For years, the energy sector, and almost every other sector, has taken water for granted, viewing it as an abundant resource. But as we move into a new era of renewable energy, the vast amounts of water required to power green energy operations may not be so easy to find. And it’s not just renewables that are under threat from water scarcity, as it also hinders fossil fuel production and threatens food security.
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In recent months, we have seen extreme droughts across Europe and the U.S., which are finally making people realise the significance of water security. Stefano Venier, CEO of the Italian energy infrastructure company Snam, highlights the huge impact recent droughts have had on both food security and energy production. Labelled as ‘Europe’s worst drought in 500 years’, the low water levels have restricted shipping capabilities, as well as drying up soil and reducing summer crop yields.
Venier explains, “For a long time, water was considered [as being] for free, as something that is fully available in any quantity.” He went on to say, “Now, we are discovering that with climate change … water can become scarce.” And so, “we have to regain the perception of importance, and the value [that] … the water has, also, with respect to … energy production… we have discovered that without water, enough water, we cannot produce the energy we need, or we can’t ship the fuels for filling the power plants,” he added.
The drought has already raised concerns for nuclear power plant operators that rely on water from rivers to cool their nuclear reactors. EDF typically uses water from the Rhone and Garonne but rising water temperatures mean that nuclear power output could be reduced during hot periods. The falling water levels have also hindered traditional energy operations such as coal output, according to several European energy firms.
But the issue of water scarcity is perhaps most detrimental to hydropower projects. In the U.S., several hydropower operations are located along rivers with falling water levels, with a higher risk of water scarcity by 2050. Montana, Nevada, Texas, Arizona, California, Arkansas and Oklahoma are the most affected states. A recent study published in the Journal Water found that 61 percent of all global hydropower dams will be in basins with very high or extreme risk for droughts, floods or both. In addition, one in five hydropower dams will be in high flood risk areas, an increase from one in 25 today.
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World Wildlife Fund’s Global Freshwater Lead Scientist Jeff Opperman explains, “Hydropower projects must deal with a range of hydrological risks–ranging from too little water to too much–and these risks are projected to increase in many regions due to climate change.” “Already, we’ve seen regions, such as the southwestern US, southern Africa, and Brazil, where hydropower generation has declined due to falling water levels,” he adds.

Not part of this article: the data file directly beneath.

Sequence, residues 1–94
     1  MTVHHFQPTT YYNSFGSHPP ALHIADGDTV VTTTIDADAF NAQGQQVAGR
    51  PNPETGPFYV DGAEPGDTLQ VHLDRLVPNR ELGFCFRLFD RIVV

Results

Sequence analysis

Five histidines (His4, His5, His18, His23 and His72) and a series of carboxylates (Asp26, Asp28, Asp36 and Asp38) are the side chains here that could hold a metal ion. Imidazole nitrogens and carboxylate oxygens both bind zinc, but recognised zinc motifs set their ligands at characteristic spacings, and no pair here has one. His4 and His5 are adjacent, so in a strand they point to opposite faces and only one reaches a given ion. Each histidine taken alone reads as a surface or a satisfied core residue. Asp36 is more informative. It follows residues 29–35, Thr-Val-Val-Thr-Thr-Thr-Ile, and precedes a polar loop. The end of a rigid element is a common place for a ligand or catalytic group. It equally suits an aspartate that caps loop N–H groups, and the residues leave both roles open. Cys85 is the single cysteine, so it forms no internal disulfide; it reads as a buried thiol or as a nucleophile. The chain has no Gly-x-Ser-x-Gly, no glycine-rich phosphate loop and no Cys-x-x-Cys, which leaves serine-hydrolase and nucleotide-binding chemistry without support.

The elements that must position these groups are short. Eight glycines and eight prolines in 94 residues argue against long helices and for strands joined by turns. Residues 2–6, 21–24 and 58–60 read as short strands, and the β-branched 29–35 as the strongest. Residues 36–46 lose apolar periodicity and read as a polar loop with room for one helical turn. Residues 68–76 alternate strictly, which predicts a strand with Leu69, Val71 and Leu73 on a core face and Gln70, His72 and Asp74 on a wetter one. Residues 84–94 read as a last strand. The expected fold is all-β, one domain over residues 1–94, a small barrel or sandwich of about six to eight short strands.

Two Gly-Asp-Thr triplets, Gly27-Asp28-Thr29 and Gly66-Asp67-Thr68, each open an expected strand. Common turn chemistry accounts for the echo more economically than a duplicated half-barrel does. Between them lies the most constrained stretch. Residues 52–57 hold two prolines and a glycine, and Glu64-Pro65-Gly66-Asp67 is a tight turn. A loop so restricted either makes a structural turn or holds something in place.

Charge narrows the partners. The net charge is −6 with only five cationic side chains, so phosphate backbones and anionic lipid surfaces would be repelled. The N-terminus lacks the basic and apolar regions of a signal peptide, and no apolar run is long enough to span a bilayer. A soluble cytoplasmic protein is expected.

And it’s not just the U.S. that is facing these challenges. In August, Norway threatened to limit its power exports due to low reservoir levels. The country, which relies on hydropower for around 90 percent of its electricity production, increased regulations on power production to prevent hydroelectric reservoir levels from running out of water. This news came just days after the world’s longest under-sea power cable began transferring hydroelectric energy from Norway to the UK.
Norway’s Minister of Petroleum and Energy Terje Aasland explained, “We need a management mechanism or security mechanism that safeguards national security of supply so that we do not run out of water in our reservoirs.” He added, “We are now introducing a system where, when we come to a situation where the magazine capacity is below what is normal for the time of year and down to a critically low level, there will be a restriction on exports.”
These kinds of restrictions could become commonplace if these severe weather events, and related water scarcity, continue to take place. Europe’s recent heatwave far exceeded the expectations of climate experts, with several countries reaching record highs which led to wildfires in areas that had never previously experienced such events, showing the reality of the effects of climate change.
As well as the detrimental effect water scarcity has on energy output, it also has a hugely negative impact on food production. With several areas of the world seeing poorer harvests year on year, as temperatures soar and water scarcity becomes a challenge, many countries are worried about their food production levels. And the water-food-energy nexus is raising concerns over the impact of the two other factors on the energy sector. We’re already seeing this nexus work the other way, with increasing gas prices causing fertiliser shortages, which have exacerbated the impact of water shortages on agricultural yields further.
With rising concerns over water scarcity, mainly due to climate change, there are fears that the big transition to renewable energy will be hindered even further. However, even traditional fossil fuel production cannot escape from the effects of water scarcity, and the water-food-energy nexus may further exacerbate the situation, meaning that plans to mitigate this scarcity must be quickly established to avoid a major energy crisis.
Felicity Bradstock is a freelance writer specialising in Energy and Finance. She has a Master’s in International Development from the University of Birmingham, UK. This article was originally published on Oil Price.